The wet season has so far failed to fire across the Northern Territory and beef producers are now looking to other states that are less pasture depleted to offload cattle.
Livestock agents in western Queensland are warning large numbers of NT cattle will be coming onto the market within the next month - and many more if rain fails to arrive during March.
In the clearest signal yet that conditions are getting dire on the Barkly Tablelands, the Australian Agricultural Company (AACo) will offloaded 6000 single brand Number 8 steers from Brunette Downs, NT, at the Western Queensland Livestock Exchange (WQLX) in Longreach on Friday March 22.
The following week, on March 29, Australian Green Properties from Alice Springs will offer 2000 Droughtmaster cross steers (250 to 350kg) and 500 Droughtmaster cross heifers at WQLX. AACo will also offer another 2000 composite steers and heifers from Brunette Downs at that sale, through Landmark.
The 6000 steers selling on March 22 are being sold through Elders with half the steers marketed as being 200 to 300kg with the other half 300 to 360kg.
AACo management had hoped for a strong wet season to take the composite steers through to feeder weights before offloading them onto the domestic feeder market. The steers would have previously been destined for AACo's 1824 branded beef market.
Elders Queensland livestock sales manager Paul Holm said the sale represented an opportunity for producers in north west Queensland to purchase runs of well bred cattle close to home.
"AACo are bringing the cattle to where the grass is and there are certainly some people whose interest has been piqued. They are hoping they'll have a significant body of feed by the time the sale comes," he said.
"It is a great thing for Longreach too - it will be the first sale in what would be about four years at the WQLX."
TopX Cloncurry livestock agent, Phil Avery, was busy sorting through cattle on the Barkly Tableland last week.
Mr Avery said producers were looking to offload light store steers and heifers first with the hope of maintaining their core breeding herd. Any cows that can be culled will also be coming onto the market, he said.
"They aren't panicking but they are planning to shift a lot of cattle in the near future," he said.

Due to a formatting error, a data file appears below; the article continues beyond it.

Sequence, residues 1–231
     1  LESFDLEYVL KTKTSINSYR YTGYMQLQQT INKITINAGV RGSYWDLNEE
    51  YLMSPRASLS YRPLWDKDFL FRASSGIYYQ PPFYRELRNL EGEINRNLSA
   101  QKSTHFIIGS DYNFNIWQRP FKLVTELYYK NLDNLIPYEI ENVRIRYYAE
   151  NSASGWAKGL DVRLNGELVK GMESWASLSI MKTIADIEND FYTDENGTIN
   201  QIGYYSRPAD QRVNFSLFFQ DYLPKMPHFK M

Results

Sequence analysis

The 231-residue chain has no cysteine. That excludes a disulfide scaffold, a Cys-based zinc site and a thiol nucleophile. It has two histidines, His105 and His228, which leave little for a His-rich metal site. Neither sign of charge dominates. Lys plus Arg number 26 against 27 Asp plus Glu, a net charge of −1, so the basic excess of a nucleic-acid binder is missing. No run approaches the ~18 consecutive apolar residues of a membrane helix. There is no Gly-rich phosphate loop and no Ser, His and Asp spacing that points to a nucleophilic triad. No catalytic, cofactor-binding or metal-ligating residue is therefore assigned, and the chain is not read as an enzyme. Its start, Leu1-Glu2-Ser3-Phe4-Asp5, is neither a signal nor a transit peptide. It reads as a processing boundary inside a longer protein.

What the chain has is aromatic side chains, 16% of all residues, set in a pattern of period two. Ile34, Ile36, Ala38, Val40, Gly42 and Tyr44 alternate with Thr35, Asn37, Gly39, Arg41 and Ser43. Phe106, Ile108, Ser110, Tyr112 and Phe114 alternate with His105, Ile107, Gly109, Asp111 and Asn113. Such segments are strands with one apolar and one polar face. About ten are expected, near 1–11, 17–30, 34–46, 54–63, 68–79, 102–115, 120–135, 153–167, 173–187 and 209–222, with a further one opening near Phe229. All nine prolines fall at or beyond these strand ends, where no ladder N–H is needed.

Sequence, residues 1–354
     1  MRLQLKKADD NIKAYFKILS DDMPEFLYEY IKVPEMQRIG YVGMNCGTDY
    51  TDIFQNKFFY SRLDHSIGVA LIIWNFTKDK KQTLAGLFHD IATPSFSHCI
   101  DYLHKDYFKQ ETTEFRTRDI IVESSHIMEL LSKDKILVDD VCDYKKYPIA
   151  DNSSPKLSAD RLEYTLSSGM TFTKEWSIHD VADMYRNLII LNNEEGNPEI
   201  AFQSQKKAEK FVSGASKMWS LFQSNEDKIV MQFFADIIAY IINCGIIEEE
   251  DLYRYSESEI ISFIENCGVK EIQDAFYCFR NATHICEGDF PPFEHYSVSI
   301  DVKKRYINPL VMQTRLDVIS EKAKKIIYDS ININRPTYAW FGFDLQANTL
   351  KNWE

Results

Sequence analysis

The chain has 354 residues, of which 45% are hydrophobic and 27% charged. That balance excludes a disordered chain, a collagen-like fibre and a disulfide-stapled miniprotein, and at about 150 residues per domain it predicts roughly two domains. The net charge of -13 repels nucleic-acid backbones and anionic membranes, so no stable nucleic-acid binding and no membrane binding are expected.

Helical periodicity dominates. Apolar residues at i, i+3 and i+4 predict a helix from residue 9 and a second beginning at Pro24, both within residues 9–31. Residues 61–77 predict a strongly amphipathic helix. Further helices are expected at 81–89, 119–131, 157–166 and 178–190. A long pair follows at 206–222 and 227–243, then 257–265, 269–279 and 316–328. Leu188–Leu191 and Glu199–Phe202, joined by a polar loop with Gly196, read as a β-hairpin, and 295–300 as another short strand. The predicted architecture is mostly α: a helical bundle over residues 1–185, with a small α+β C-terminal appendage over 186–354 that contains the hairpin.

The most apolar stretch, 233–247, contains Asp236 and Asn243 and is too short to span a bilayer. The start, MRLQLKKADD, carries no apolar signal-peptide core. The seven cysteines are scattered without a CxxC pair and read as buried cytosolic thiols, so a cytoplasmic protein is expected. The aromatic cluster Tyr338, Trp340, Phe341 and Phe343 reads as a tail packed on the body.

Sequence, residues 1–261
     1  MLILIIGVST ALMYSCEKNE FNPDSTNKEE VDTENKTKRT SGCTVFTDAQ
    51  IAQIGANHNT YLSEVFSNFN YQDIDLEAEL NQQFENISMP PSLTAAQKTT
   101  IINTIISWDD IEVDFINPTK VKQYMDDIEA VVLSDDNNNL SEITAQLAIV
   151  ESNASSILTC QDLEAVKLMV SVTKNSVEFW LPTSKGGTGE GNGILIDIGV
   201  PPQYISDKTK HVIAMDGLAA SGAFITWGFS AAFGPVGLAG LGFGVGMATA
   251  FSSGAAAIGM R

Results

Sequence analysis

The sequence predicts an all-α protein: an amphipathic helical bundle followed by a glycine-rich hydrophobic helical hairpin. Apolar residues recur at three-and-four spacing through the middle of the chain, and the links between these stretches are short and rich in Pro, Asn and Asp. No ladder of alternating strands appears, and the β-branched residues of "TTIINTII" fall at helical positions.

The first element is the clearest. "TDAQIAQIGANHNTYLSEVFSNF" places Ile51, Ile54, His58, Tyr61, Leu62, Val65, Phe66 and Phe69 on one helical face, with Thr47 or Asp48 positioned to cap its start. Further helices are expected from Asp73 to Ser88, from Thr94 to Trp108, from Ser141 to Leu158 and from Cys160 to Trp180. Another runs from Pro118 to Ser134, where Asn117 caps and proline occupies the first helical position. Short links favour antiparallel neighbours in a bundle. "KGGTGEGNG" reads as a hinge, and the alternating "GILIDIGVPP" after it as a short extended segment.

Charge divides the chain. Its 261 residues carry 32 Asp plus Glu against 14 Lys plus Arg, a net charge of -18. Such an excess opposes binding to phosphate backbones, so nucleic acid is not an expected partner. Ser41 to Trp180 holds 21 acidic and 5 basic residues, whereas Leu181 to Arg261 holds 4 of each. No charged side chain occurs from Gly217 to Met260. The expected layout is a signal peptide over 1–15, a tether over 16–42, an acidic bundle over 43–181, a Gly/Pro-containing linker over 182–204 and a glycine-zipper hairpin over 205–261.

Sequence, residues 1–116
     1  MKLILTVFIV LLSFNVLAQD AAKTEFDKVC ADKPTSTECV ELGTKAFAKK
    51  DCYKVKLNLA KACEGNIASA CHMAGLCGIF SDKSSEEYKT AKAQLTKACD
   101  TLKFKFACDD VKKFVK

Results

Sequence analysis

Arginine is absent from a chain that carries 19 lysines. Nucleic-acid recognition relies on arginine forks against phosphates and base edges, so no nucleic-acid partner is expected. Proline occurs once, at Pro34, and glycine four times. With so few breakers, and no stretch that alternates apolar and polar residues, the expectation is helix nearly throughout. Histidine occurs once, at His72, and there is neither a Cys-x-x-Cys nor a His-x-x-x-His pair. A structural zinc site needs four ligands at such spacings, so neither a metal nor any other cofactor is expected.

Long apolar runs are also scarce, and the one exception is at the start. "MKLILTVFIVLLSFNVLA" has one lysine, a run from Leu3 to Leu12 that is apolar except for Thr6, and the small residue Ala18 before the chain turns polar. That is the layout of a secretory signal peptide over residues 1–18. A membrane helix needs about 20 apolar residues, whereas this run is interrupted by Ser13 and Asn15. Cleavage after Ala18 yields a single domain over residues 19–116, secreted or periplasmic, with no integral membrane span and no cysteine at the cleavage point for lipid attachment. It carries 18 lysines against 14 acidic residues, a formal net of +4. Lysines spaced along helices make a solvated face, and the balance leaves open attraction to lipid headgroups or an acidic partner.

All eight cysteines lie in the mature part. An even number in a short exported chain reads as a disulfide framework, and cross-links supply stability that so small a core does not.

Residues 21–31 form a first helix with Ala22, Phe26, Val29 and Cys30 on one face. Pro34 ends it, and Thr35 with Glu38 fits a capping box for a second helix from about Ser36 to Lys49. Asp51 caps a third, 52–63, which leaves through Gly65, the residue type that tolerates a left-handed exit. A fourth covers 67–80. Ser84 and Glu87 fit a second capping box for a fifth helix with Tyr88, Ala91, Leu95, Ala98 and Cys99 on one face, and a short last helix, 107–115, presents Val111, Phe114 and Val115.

"I am marketing a lot of them privately - using the TopX network to sell out of the paddock," he said.
He said stock were selling into areas that had received beneficial rain including Cloncurry, McKinlay, Prairie and Charters Towers.
Mr Avery said most of these cattle would have normally been taken through to feeder weights and either sold onto live export boats or into the domestic feed-on market.
"We are receiving a good rate for them but it is a buyers market," he said.
Northern Territory Cattlemen's Association CEO Ashley Manicaros said the NTCA had been investigating what needed to be done across the drought stricken NT from a "proactive animal welfare" point of view.
He said most of the NT had received less than half of their average wet season rainfall, with some areas having received little to no rain.
Mr Manicaros said NT Department of Primary Industry stock inspectors had been on the ground and he'd also spoken to Federal Agriculture Minister David Littleproud about the looming issue of having to move large numbers of stock.
"The challenge is where to move stock to," he said.
"We don't know what our options are yet. What we do know is that there will need to be some sort of coordinated response. I hope to know more soon - maybe even later this week."
Katherine and Sandy Warby, Phillip Creek, 50km north of Tennant Creek, have received just 40mm of rain so far this wet season - a period they would normal expect to record about 370mm.
They have already offloaded stock early, selling 30 decks of steers into the Indonesian live export market out of Darwin in February.
Mr Warby said those cattle would have normally be sold in the middle of the year, with more far more weight on them.
"If it doesn't rain we'll go through our backgrounders and pull the tops out for the boat market and anything lighter we'd be looking to sell back into Queensland," he said.
"We are a little bit concerned (about the number of stock due to hit the market) but we just have to try and keep our core breeders alive."
The Warby's have been on Phillip Creek for 13 years and say 2008 was as similar season but not as severe.
"The difference then was that we still had water in our dams but his year has been such a hot summer and we only got half our rainfall last year - it's just sucked a lot of water out pretty fast," he said.
"We are destocking some paddocks that are on dams and shifting cattle out to the west where we have run some new infrastructure in the past couple of years.
"The northern end of our property is fairly underdeveloped so we are sinking some new bores and just trying to develop them up."
The Warby's also have a small beef property in the Hindmarsh Valley in South Australia and say conditions there are also dry.
"It's usually a pretty safe area but water is getting short there too," he said.